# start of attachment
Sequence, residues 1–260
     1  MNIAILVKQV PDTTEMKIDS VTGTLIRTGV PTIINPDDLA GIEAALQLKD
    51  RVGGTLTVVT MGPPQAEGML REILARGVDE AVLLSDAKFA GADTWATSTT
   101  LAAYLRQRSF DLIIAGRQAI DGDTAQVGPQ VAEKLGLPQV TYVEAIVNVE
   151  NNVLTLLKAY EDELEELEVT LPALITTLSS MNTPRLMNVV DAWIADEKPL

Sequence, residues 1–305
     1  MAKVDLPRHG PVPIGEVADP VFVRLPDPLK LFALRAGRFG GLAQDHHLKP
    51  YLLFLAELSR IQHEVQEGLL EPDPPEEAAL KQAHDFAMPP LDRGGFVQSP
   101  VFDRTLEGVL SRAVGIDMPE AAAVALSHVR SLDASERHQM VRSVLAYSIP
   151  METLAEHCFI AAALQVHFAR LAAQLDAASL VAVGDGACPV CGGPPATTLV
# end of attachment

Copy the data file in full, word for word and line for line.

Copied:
Sequence, residues 1–260
     1  MNIAILVKQV PDTTEMKIDS VTGTLIRTGV PTIINPDDLA GIEAALQLKD
    51  RVGGTLTVVT MGPPQAEGML REILARGVDE AVLLSDAKFA GADTWATSTT
   101  LAAYLRQRSF DLIIAGRQAI DGDTAQVGPQ VAEKLGLPQV TYVEAIVNVE
   151  NNVLTLLKAY EDELEELEVT LPALITTLSS MNTPRLMNVV DAWIADEKPL

Sequence, residues 1–305
     1  MAKVDLPRHG PVPIGEVADP VFVRLPDPLK LFALRAGRFG GLAQDHHLKP
    51  YLLFLAELSR IQHEVQEGLL EPDPPEEAAL KQAHDFAMPP LDRGGFVQSP
   101  VFDRTLEGVL SRAVGIDMPE AAAVALSHVR SLDASERHQM VRSVLAYSIP
   151  METLAEHCFI AAALQVHFAR LAAQLDAASL VAVGDGACPV CGGPPATTLV